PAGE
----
A Chicago drug dealer who prosecutors said supplied a large amount of heroin to sources in Chattanooga was found guilty by a federal jury in Chattanooga on Tuesday.
James Silas, 50, was convicted of conspiring to distribute one kilogram or more of heroin.
Sentencing is set for April 24 at 2 p.m.
by Judge Curtis Collier, who presided over the trial. Based on a prior drug conviction and a corresponding notice of enhancement filed by the United States, Silas faces a statutory mandatory minimum of 20 years to life in prison, to be followed by no fewer than 10 years of supervision by U.S. Probation. He also faces a fine of up to $20 million.
Witnesses at trial testified that Silas, who is reputed to be a member of the nationwide street gang Mafia Insane Vice Lords and known by the moniker “the Prince,” served as a multi-kilogram source of supply to heroin distributors and fellow gang members based in Chattanooga, Knoxville, Atlanta and elsewhere.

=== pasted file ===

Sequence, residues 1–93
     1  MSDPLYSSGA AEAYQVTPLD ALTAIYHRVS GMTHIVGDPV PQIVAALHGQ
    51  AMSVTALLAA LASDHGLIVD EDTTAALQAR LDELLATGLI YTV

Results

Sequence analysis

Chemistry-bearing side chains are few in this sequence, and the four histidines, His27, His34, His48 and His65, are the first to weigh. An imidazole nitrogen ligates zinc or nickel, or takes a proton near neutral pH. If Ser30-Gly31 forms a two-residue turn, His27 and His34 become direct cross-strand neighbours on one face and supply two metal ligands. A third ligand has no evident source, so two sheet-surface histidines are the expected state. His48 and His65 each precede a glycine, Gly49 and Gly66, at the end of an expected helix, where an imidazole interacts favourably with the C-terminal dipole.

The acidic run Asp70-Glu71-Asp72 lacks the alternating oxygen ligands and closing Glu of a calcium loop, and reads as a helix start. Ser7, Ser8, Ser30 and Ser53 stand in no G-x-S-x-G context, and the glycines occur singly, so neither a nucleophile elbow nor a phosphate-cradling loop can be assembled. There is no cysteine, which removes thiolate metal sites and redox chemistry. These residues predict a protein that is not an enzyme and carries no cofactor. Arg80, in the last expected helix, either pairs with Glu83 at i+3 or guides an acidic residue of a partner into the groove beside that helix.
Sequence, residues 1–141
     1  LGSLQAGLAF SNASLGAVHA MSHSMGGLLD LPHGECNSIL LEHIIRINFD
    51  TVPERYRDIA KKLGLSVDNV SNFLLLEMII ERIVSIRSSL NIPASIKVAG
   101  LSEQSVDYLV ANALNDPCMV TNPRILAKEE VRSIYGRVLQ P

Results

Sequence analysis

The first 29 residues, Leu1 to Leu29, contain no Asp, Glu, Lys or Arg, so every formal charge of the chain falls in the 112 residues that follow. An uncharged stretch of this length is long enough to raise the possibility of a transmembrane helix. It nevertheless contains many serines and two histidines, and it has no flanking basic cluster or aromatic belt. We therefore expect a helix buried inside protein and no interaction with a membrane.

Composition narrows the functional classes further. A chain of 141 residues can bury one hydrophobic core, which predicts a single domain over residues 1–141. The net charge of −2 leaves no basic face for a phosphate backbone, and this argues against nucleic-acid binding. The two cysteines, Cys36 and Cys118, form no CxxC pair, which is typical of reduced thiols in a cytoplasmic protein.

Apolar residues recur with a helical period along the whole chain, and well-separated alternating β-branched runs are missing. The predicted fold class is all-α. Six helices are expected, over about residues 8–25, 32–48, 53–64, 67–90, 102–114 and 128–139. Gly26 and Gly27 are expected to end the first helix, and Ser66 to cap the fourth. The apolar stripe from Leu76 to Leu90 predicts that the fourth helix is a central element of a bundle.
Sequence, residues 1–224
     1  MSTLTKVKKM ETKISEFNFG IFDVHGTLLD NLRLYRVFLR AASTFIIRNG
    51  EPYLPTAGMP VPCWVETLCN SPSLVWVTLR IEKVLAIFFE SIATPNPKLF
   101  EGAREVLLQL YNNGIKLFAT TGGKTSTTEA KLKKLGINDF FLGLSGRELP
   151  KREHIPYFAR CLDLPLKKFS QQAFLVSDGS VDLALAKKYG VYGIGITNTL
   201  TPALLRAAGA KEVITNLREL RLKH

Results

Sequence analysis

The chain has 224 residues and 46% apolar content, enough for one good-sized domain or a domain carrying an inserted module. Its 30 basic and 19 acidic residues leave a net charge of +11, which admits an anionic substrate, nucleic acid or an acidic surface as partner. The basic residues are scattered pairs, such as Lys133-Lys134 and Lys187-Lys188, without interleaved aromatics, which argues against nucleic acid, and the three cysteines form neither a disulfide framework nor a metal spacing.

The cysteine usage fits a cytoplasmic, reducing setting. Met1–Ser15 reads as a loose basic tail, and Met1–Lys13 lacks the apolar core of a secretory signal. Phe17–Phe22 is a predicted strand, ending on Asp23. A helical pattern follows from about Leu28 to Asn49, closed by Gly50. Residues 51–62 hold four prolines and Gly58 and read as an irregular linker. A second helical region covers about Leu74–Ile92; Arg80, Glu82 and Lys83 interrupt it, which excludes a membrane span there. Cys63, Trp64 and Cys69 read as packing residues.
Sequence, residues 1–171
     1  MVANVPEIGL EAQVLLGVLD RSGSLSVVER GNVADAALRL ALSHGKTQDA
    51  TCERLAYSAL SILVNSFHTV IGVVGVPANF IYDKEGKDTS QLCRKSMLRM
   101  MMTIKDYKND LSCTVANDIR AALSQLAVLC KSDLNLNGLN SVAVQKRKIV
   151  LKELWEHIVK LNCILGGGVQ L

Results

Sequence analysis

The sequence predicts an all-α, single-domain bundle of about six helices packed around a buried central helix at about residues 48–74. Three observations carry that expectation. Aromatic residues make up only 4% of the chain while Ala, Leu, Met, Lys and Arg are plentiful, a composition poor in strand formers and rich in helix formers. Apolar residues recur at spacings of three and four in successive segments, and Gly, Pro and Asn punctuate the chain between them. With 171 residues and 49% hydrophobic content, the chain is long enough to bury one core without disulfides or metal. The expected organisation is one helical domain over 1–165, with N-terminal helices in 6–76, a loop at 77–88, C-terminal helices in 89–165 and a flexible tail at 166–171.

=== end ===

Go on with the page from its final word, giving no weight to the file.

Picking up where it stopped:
Beginning in 2016, the Drug Enforcement Administration (DEA) conducted a series of court-authorized wiretaps on a number of telephones belonging to gang members as a component of the large-scale investigation. Through these wiretaps, they discovered the involvement of Silas in this interstate conspiracy. Silas was arrested in Illinois and brought to the Eastern District of Tennessee for trial.
The investigation was conducted by the DEA, in conjunction with the Hamilton County Sheriff’s Office, and with the assistance of local and federal law enforcement agencies in the Chicago area. Assistant U.S. Attorneys Kyle Wilson and Scott Winne represented the United States at trial. Assistant U.S. Attorney Michael Porter indicted the case and handled pre-trial matters.
Silas took the witness stand during his trial, denying that he sold drugs, though admitting he was a close associate of a drug kingpin in Atlanta who earlier pleaded guilty and got a 10-year sentence.